Monday 27 May 2024
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FRANKFURT (March 27): Central banks in the world’s biggest currency markets will publish on Monday principles of behaviour and ethics for foreign-exchange trading, according to a person familiar with the document.

The “Global Preamble: Codes of Best Market Practice and Shared Global Principles”, inspired by a Financial Stability Board proposal in September, was ratified after consultations in eight markets around the world, according to the person, who asked not to be identified because the talks are private.

The global move to improve standards of behaviour is part of an overhaul after allegations traders colluded to rig rates in the US$5.3 trillion-a-day currency market.

The list of principles was the first item for discussion at the annual global meeting of foreign-exchange committees that was hosted by the Bank of Japan on Monday, according to an agenda posted on the Federal Reserve Bank of New York’s website.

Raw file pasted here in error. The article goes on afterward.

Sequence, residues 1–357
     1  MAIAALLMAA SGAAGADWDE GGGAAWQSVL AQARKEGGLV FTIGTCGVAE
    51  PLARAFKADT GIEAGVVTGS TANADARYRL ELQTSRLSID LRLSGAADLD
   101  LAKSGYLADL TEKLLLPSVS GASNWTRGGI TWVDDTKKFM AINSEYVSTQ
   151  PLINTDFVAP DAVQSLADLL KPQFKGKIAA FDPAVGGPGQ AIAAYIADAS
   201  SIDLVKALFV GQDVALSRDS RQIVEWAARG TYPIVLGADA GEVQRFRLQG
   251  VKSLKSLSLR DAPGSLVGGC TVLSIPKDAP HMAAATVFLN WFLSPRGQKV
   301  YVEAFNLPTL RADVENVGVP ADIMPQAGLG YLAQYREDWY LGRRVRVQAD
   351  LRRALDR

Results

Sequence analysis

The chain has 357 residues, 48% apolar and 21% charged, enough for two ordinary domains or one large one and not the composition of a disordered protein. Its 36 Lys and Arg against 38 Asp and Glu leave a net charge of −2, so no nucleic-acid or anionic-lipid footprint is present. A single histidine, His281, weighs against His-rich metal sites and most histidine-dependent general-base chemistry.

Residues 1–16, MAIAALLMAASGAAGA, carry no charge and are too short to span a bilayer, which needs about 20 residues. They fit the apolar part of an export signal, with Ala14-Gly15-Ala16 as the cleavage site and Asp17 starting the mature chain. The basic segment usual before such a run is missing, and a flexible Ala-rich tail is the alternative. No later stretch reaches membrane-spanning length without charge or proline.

The delivery of the principles is on schedule after a consultation period that was slated to end this month.

The proposal was circulated to local foreign-exchange market committees managed by central banks in Australia, Canada, Hong Kong, Britain, New York, Singapore, Tokyo and by the European Central Bank, which have backed the preamble, the person said.

In London, the world’s biggest currency market, the Bank of England’s Foreign Exchange Joint Standing Committee was presented the principles at a meeting on March 18 by the BOE’s Head of Foreign Exchange Michael Cross.

London fix
The FSB’s recommendations include requirements for systems and controls to develop and promote ethical behaviour, and codes of conduct.

In its Sept 30 report, regulators had supported extending the width of the trading window used to calculate foreign exchange rates to five minutes from the one-minute windows in which the WM/Reuters rates, including the key 4pm London fix, were being set.

The Wall Street Journal earlier reported that central banks had agreed on a set of guidelines for the currency market.

It said that the principles would ban traders from sharing client identities and information and disclosing data that could allow someone to deduce that information.

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